It's unclear how much would be redesigned. Some of the elements would sit beside the existing path, which doesn't disrupt as much. Other possible implementations could also rely on what the TMU does as part of its existing functionality. Part of its job for texture formats or forms of multi-tap filtering is handling the generation of multiple target addresses based on a base pointer sent by the shader. There are some parallels with reading the contents of a compressed or formatted data location and processing it into a final result that match reading in a node's data, doing some comparisons to known values or some additional math and then sending a formatted outcome to the SIMD. AMD has research into using limited precision for structures holding geometry that are close together, saving space and hardware for calculating intersections. That may also overlap with the level of ALU complexity of a TMU.

    The document lists a filing date in December of 2017.
    Whether it is going to be used is still not guaranteed, though it seems plausible in terms of what it does and its timing relative to when we might expect it to come out. There are patents that came out a bit before Zen was released or after that were filed several years before publication that describe elements suspiciously close to what Zen was marketed with.
    The names of the staff are listed as being in California, but I'm not skilled at reading those sorts of tea leaves. Other patents, like the binning rasterizer patent had stronger hints like a larger number of inventors, including the chief GPU architect. At least the BVH hardware patent isn't a DOE program patent, which is more strongly correlated with not showing up in products.
     
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  12. chris1515

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  13. Love_In_Rio

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  14. PSman1700

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    9700Pro days again thanks :p

    Edit:

    The article states that AMD designed Navi for consoles, which isn't the case. It also states that the GPU being talked about is the one found in xbox/ps5, something we and they don't know. It most likely is some form of custom solution.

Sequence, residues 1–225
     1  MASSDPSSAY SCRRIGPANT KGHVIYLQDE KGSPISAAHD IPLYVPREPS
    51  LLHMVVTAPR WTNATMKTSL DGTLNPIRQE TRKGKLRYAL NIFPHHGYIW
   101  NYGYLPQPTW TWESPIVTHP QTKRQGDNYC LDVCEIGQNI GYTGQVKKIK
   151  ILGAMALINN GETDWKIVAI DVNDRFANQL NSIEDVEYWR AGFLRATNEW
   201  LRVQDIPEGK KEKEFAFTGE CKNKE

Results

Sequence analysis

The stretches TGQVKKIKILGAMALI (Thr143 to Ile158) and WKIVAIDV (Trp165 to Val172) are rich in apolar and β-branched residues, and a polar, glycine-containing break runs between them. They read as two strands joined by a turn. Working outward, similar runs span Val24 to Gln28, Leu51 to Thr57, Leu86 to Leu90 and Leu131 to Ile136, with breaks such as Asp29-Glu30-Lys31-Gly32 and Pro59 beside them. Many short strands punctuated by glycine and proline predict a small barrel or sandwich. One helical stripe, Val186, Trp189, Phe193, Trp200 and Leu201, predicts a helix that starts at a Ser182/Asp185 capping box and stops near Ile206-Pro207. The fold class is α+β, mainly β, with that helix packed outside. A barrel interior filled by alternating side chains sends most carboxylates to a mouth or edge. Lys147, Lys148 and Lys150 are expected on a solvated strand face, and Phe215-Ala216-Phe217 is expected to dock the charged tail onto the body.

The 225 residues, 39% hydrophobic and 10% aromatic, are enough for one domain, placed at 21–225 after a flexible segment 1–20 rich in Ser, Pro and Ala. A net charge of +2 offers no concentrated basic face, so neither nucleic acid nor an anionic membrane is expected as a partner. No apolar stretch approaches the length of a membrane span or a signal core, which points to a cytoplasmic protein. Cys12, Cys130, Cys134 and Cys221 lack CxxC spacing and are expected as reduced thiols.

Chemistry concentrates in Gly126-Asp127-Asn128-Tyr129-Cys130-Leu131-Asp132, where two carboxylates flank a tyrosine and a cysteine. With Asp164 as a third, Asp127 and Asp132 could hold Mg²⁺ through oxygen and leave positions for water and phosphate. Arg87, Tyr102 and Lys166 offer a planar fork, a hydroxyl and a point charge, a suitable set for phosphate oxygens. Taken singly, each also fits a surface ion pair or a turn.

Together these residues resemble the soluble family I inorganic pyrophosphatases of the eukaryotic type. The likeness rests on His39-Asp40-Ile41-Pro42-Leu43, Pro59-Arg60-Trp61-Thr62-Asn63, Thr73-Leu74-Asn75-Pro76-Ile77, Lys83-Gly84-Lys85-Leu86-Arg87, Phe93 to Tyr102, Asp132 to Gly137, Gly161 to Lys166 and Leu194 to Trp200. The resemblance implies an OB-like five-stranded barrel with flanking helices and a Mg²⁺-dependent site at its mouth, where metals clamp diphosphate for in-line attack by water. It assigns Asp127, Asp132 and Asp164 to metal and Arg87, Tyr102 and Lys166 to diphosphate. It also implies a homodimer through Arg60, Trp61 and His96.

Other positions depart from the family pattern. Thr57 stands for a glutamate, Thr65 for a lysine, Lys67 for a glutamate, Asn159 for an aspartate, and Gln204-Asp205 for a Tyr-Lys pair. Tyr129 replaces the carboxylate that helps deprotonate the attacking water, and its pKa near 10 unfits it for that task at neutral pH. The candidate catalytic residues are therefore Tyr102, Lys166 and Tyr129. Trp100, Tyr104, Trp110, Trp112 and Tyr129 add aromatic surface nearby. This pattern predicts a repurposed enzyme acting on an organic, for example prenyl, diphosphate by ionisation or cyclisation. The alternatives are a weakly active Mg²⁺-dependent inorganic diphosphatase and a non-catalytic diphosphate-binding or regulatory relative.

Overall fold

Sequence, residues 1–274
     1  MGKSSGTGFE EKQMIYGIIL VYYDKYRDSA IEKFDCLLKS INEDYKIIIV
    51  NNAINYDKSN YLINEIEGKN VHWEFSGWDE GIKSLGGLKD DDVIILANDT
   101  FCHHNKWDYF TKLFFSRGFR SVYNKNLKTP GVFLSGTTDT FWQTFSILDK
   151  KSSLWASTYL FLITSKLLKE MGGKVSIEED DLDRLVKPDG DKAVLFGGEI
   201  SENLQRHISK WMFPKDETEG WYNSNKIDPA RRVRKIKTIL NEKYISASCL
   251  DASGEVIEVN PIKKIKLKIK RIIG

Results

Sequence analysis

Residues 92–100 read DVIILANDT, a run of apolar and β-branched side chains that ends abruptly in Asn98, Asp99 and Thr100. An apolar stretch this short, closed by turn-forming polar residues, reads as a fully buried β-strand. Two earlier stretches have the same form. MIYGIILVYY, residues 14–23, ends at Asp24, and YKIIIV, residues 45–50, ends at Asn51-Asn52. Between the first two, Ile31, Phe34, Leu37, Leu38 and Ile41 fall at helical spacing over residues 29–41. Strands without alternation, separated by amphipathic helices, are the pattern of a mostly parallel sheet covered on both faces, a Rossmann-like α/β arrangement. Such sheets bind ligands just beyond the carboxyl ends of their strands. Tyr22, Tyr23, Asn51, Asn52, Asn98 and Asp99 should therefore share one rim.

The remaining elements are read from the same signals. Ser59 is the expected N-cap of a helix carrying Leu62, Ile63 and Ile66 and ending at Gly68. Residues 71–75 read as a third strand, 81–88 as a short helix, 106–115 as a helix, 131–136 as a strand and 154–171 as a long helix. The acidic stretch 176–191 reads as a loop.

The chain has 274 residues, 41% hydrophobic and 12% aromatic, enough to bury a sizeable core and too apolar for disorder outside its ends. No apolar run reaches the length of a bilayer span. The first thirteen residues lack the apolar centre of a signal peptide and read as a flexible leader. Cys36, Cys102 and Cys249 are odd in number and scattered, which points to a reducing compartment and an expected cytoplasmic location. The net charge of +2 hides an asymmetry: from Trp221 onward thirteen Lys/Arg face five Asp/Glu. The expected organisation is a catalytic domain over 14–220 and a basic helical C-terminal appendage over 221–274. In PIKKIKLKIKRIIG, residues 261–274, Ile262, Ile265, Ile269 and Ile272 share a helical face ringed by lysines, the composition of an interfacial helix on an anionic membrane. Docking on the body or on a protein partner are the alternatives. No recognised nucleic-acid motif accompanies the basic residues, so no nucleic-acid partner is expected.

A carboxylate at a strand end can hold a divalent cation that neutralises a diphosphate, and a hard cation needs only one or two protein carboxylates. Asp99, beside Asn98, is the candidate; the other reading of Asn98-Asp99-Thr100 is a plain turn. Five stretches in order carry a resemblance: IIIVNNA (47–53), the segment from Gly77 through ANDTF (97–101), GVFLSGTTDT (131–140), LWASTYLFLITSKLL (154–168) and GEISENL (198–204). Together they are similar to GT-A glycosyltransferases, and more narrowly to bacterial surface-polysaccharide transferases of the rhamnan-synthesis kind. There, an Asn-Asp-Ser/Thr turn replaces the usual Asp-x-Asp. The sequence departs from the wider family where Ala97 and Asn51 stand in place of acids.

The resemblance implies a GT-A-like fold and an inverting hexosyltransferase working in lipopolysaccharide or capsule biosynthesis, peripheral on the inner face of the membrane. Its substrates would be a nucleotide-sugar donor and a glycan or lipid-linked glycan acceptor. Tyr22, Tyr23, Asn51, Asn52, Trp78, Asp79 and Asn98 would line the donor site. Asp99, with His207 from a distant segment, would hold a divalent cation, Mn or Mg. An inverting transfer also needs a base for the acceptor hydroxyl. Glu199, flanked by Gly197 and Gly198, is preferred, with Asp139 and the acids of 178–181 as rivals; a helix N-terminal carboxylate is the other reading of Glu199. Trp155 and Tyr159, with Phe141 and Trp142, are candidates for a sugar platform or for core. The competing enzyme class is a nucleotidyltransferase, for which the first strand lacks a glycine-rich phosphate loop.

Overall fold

#1474 PSman1700, Oct 28, 2019
    Last edited: Oct 28, 2019
  15. Megadrive1988

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    ArtX is back !!
     
  16. PSman1700

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    And with that the gamecube as nintendos next generation console :)
     
  17. Panino Manino

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    We could argue that this is indeed the case.
    The parts involved knows for years that this would the be GPU generation that would be used in the next video games, and both Sony and Microsoft participated in the development to make sure that their needs are need. We are hearing about this for years, specifically Navi being cooked for Sony.
    I don't think is wrong to think this way, it's understandable if AMD started to design their GPU more to satisfy their last few customers.
     
  18. PSman1700

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    This has been discussed before i think. AMD didn’t design navi just for sony or ms, more likely they designed a gaming gpu which is being customized for each or both consoles.
    You have been hearing conspircy theories with the navi for sony etc.
     
  19. Pressure

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    Navi support in newest MacOS 10.15 beta.
     
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  20. Kaotik

    Kaotik Drunk Member
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    It has been discussed before. Microsoft and Sony deal with the semi-custom department at AMD. Semi-custom guys get their hands on the IP blocks when they're ready to be implemented. Of course MS & Sony just like any other AMD customer can and do give input on what they would like to see and it could affect the architecture design choices, but they're not really involved in it.